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Episode #1 – Introduction To GroLancer

by | Mar 19, 2024 | Podcasts | 0 comments

Episode #1

The Introduction

Welcome to the intro episode of the GroLancer podcast. In this episode, JD tells a little about himself, how he got into freelancing, how GroLancer started as an idea, and the plans moving forward with GroLancer.

It is an exciting episode because big things are just around the corner. Please let us know what topics you’d like covered in future episodes. We look forward to your feedback.

Transcript

GroLancer Intro Song

Here we grow, here we grow
Here we grow, here we grow, yeah
Here we grow, here we grow
Here we grow, here we grow, yeah

Pick the topic, no matter, we gonna show plans
‘Cause you know that we got it out here on Grolancer
Independence, it’s finest no need to tag along
Growing with my folks and my customers, gone and add it on

Taking orders, not orders, that’s being freelanced
CRM, build my folder and see how we stand
You see ample greatness, do what I love
On the Freelancers Growth Platform, I’m putting nothing above

Here we grow, here we grow
Here we grow, here we grow, yeah
Here we grow, here we grow
Here we grow, here we grow, yeah

Welcome to the GroLancer Podcast. Grolancer is the freelancers’ growth platform. I’m JD Simpkins and I’m the founder of GroLancer.

So, I suppose in the first episode, it just makes sense to talk about GroLancer, how it got started, and what it’s going to be. I’m going to talk about some of my goals with it and what you can expect in the near future.

So, first of all, a little about myself. I started out as a freelance web developer years ago. Somewhere back around 2007 – 2008 – 2009 I started a lawn care business. Once I have everything set up, I was slowly growing my schedule but it wasn’t happening as quick as I’d have liked it to.

I took a look at my competitors to see what they were doing. You know, what was I missing? A website is all I could come up with. All the big players in the industry in my area had a professional website. I figured it just made sense that was my next step.

Even back then, a website was going to cost me somewhere around a couple thousand dollars, and that’s money I didn’t have after buying all of my equipment. So I figured “How hard could this be to do it all myself?” I’ve always been a kind of resourceful guy.

The answer to that was actually, “Pretty fucking hard!” Back then we didn’t really have all the website builders and things we have today. There wasn’t a lot of information out there. There were a few, but they were very limited. I googled like, “How to build a website” and noticed I needed to learn something called HTML, CSS, and eventually some JavaScript.

I did fall in love with learning to code though.

I ended up selling my lawn care business and started selling insurance. I’ve always been in sales of some sort it seems.

I continued over the years to learn how to build websites, on the side, in my spare time. I always had some project I was working on. And, just learning new things. For the first time in my life, “I knew what I wanted to be when I grew up, right?”

I finally got a client or two building some FREE to VERY cheap websites. My goal was just to get experience, learn some new things, and build a portfolio so I could do this kind of thing full time.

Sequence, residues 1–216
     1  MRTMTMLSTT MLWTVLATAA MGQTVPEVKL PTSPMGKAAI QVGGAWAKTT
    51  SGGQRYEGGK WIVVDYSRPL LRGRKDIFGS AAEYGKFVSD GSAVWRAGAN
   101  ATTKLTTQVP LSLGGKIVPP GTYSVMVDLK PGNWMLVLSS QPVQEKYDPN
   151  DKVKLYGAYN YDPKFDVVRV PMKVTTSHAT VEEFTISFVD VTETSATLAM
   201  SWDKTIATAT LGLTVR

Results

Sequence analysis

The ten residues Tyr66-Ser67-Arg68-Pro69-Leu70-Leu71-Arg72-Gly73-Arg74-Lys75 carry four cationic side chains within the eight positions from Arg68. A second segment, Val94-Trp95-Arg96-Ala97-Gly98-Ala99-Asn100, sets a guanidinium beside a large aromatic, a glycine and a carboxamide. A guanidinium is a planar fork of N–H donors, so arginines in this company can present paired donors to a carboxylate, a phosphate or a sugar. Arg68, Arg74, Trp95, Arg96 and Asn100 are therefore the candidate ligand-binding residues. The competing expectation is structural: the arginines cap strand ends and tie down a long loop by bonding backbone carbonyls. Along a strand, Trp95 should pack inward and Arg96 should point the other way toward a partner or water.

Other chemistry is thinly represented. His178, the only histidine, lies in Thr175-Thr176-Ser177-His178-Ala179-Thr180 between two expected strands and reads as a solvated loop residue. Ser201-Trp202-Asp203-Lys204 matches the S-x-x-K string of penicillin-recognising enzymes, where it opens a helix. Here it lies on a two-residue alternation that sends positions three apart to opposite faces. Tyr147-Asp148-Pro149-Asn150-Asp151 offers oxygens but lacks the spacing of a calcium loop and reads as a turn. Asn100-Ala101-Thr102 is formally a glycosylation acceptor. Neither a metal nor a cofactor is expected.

After a few years of going from this sales job to that sales job, growing my skills in my spare time, and “playing on the computer” as my ex-girlfriend called it, I finally decided to take the jump into freelancing full-time. I’d landed a few recurring clients on a few things here and there and I knew with a little bit of effort, I could possibly make enough money to survive. It was pretty scary but something I’m so glad I did, looking back on it.

A friend of mine had told me about a site called eLance. I don’t know if any of you guys remember that or not. Upwork eventually bought them out a few years later but at the time, this was the best freelancing platform to find projects. I had great success on there. I started out with a few small projects here and there. I gained some awesome feedback. That helped me land more and bigger projects. It was going pretty good.

So, at this point, I had a couple things happen in life that really kind of stopped me in my tracks. I was going through some personal stuff. I had a serious breakup with the girlfriend I spoke of early after about six years in that relationship. I just made some stupid life decisions, and couldn’t really keep up with the amount of effort and time I needed to put into my freelancing business to keep things going.

I had just landed my biggest project to date. I had just collected a couple thousand dollars deposit and after a couple weeks I ended up refunding the guys money, because I knew mentally, I just couldn’t hold up my end of the bargain and get things done in the time he wanted it done by.

So, once my money ran out, I temporarily went back to a sales job. I knew I could make the quickest money there to dig out of the hole i was in after not working for a while.

I missed freelancing so much though! I decided I was going to build my client base back up so I could get back to doing what I loved. I decided to throw me a website online, and started marketing myself again. I was googling things like “best way to get clients for your web development business”.

I ran across a few articles. This one particular article on HubSpot offered a downloadable PDF. It promised to answer that question. I entered my info and downloaded it.

The next day, I got an email around five or six in the morning. It read something like: “Hey, we saw you downloaded our PDF and I just wanted to reach out to you. I just got out of a meeting with our CEO…” (Come to find out, this was actually the CTO of the company.) “.. talking about needing to hire a new developer. I saw your site. I liked your work. I wanted to reach out and see if you ever considered working for a company instead of freelancing.”

I didn’t take it super seriously at the time. I still didn’t consider myself a “real” developer. I had no schooling or formal training in it. I had a serious case of impostor syndrome. I still do from time-to-time. I think that’s something we all still struggle with and I don’t know if it will ever fully go away. I’m no where as near as bad as I was because I have proven myself time and time again since then.

I responded back to open up that dialogue. We decided he would give me a couple “test” projects that I’d complete as a contractor. Then, if we decided we liked working together after a while, they might make me an official offer.

The first project was for this company that negotiated medical bills for folks. The hole web application was this: